Canadian billionaire Jim Balsillie withdrew his offer to purchase the Pittsburgh Penguins, the team announced Friday.
Balsillie, co-chief executive officer of Canada's Research in Motion Ltd. — the maker of the BlackBerry — agreed to buy the Penguins for $175 million US in October, pending approval by the league.
Research in Motion co-CEO Jim Balsillie signed an agreement to buy the Pittsburgh Penguins in October.
(Adrian Wyld/Canadian Press)
"Jim Balsillie delivered a notice of termination today, and it is our understanding that he has stopped negotiating with the National Hockey League to get the necessary consent to buy the Pittsburgh Penguins," current owner Mario Lemieux said in a news release.
"While these developments create significant uncertainty, the Penguins organization will re-evaluate our situation after the Pennsylvania Gaming Control Board makes the decision on the awarding of the Pittsburgh gaming licence."
Isle of Capri Casinos Inc., one of several candidates bidding for a casino licence for a new downtown Pittsburgh slot machine parlour, agreed to build a $290-million arena for the Penguins to take the place of the 45-year-old Mellon Arena.
Taxpayers would avoid any costs should the Capri group receive the licence.
The licence is expected to be awarded next week.
"What is clear is the best way to assure that the team remains viable and in Pittsburgh is to award the gaming licence to the Isle of Capri," Lemieux said.
'Development unfortunate': Bettman
NHL commissioner Gary Bettman also acknowledged that the Penguins' future in Pittsburgh is dependent on the granting of the Isle of Capri licence.
"Today's development was unfortunate," he said in a statement. "If the Isle of Capri is not granted the licence on Wednesday, then an already difficult and volatile situation will be aggravated.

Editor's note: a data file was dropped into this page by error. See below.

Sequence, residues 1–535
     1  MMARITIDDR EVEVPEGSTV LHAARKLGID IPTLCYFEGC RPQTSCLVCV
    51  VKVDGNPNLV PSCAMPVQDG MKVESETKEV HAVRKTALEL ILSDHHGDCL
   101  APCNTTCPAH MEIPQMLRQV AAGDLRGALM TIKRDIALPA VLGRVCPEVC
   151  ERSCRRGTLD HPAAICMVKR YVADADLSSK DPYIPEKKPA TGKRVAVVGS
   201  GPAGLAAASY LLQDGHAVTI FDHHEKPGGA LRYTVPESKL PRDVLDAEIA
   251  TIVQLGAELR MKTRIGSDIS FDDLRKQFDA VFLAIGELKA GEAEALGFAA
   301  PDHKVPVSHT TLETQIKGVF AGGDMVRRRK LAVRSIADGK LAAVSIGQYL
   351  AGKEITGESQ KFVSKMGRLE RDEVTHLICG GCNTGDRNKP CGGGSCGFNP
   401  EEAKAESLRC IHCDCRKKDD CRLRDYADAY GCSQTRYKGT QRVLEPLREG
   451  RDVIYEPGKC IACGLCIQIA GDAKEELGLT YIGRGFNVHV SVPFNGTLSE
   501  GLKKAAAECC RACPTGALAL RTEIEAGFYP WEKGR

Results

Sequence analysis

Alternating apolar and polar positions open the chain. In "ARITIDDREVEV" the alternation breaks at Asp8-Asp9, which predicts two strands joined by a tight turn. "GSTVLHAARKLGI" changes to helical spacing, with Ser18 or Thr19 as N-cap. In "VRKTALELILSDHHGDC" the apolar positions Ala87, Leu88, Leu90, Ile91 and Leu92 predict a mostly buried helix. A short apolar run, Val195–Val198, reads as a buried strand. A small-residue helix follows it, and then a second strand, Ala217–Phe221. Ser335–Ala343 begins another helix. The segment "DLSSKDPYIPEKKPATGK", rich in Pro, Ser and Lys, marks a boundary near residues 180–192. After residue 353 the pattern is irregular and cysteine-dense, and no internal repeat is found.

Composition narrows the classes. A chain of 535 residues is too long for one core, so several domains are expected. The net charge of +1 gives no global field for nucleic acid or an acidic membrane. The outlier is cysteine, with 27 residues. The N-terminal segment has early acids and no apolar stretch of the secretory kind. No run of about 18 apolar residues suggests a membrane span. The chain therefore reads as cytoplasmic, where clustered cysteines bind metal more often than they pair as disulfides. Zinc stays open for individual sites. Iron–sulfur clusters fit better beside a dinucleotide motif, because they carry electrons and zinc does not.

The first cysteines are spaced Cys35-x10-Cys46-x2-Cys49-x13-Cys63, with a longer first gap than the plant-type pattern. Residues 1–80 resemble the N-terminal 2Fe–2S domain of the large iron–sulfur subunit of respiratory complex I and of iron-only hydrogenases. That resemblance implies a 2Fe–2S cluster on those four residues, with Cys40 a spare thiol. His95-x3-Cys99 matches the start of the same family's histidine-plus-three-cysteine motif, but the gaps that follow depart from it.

"It is imperative that the Penguins have a new arena on economic terms that make sense for the franchise [in order] for the team to remain in Pittsburgh."
Reports suggest part of the reason Balsillie walked away from the sale was his displeasure with league's mandate to keep the team in Pittsburgh as part of the agreement.
There had been speculation that Balsillie, 45, could try to move the franchise to Hamilton, which is close to his home and RIM's head office in Waterloo, Ont., if a new arena in Pittsburgh isn't built.
"It was very important for us to keep it here it Pittsburgh," Lemieux said when Balsillie signed the purchase agreement. "I think Jim is committed as long as we build a new arena and we have a fair deal."
However, Balsillie said his initial plans were to keep the team in Pittsburgh.
The news is a potential blow to the Penguins with Balsillie and his deep pockets now gone.
His firm generated revenues of $631.1 million in the three months ending June 3, up 35 per cent from $453.9 million in the same period a year earlier.
Research In Motion is one of Canada's most well-known technology companies, yet the company faces regulatory investigations and is subject to a cease-trade order preventing insiders, including Balsillie, from buying or selling RIM shares.With files from the Canadian Press